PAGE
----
While most people have heard that they need an “estate plan,” few understand what the estate planning process entails. Even the most basic estate plans contain most, if not all, of the following documents:
Last Will and Testament. When most people think of an estate plan, the first document that comes to mind is a Will. Your Will generally disposes of your property at your death, and if you do not have a Will, your assets will be distributed under the intestacy laws of your state, which may not result in your intended beneficiaries receiving your assets. Your Will also will contain your choice for your personal representative of your estate and the guardian of your minor children.
Revocable Trust. Many people also include a revocable trust as a part of their estate plan. A revocable trust works with your Will to control the disposition of your assets at death. Revocable trusts offer certain benefits that a Will does not, including privacy, and any assets in your revocable trust at death avoid the “probate process,” which is the court-supervised process of distributing your assets to your beneficiaries at your death.
Beneficiary Designations and Joint Ownership. Most people do not realize that they own assets that will not be controlled by their Will. Life insurance and qualified retirement accounts (401(k)s, IRAs, etc.) will pass to those beneficiaries you designate on a beneficiary designation form with the life insurance company or account custodian, and thus your Will generally will not control these accounts. Similarly, you may own certain financial accounts jointly with another person who will be the sole owner at your death (i.e., a joint bank account with your spouse), or you may have designated someone to receive an account at your death (“pay-on-death” or “transfer-on-death” accounts). As with life insurance and qualified retirement accounts, your Will generally will not control these assets either. It is important that your estate plan address these accounts and beneficiary designations to ensure your desired beneficiaries receive your property at death.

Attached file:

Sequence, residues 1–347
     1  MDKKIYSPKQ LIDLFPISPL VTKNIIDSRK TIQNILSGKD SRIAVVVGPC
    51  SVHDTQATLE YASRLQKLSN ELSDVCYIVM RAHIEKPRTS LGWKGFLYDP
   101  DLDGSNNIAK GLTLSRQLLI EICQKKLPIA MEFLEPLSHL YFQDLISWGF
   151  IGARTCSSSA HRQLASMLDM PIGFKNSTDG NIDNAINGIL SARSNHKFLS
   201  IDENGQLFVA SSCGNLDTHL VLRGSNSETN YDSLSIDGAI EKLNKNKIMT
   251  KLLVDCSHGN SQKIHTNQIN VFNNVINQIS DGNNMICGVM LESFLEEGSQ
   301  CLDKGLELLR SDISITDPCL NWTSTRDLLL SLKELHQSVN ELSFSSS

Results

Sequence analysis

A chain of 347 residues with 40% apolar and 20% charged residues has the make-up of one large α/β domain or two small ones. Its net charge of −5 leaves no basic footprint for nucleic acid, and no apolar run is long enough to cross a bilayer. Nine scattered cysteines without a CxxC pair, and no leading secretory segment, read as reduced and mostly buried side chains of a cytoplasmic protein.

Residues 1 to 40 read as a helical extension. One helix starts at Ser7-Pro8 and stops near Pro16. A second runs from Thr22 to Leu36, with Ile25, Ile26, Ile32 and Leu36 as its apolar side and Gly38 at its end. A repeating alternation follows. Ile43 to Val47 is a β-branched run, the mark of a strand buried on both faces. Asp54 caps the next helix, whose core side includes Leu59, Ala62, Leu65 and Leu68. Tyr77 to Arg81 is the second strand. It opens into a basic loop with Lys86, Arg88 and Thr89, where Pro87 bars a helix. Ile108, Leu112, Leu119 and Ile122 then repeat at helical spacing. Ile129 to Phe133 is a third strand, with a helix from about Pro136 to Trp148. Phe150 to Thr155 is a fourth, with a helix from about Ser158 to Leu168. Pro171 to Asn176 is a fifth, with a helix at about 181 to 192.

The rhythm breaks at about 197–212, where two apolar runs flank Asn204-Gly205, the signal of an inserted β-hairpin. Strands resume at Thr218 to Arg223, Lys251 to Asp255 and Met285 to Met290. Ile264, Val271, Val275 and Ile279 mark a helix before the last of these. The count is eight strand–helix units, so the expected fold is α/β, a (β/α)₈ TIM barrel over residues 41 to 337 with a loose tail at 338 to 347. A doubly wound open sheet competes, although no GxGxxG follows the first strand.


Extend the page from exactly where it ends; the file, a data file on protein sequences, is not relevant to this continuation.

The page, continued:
Durable Financial Power of Attorney. Everyone should have a durable financial power of attorney, which designates the person (“agent”) who will help you manage your finances in the event you are unable to do so yourself because of death, disability, physical absence, etc. Most people also designate successor “agents” to act in case the first person they name becomes unable to act.
Health Care Power of Attorney. A health care power of attorney designates certain individuals to make health care decisions for if you are unable to make them for yourself. People generally name trusted family members and/or friends to serve as their health care agent and successor health care agents. The people you name in this document will also be able to receive certain medical information from your medical providers, which may be difficult or impossible to obtain without this document.
Advanced Directive for a Natural Death. This document is also known as a “living will,” and you use this document to express your wishes with regard to life-prolonging measures at the very end of your life. In this document, you may authorize the withholding of certain life-prolonging measures and specify which measures, if any, you would like to receive in the event you are at the end of your life as a result of a terminal illness, permanent coma, or advanced dementia.
The trust and estate attorneys listed on this page can help you craft the above documents, as well as more complex documents if needed, to help ensure that you accomplish your estate planning goals.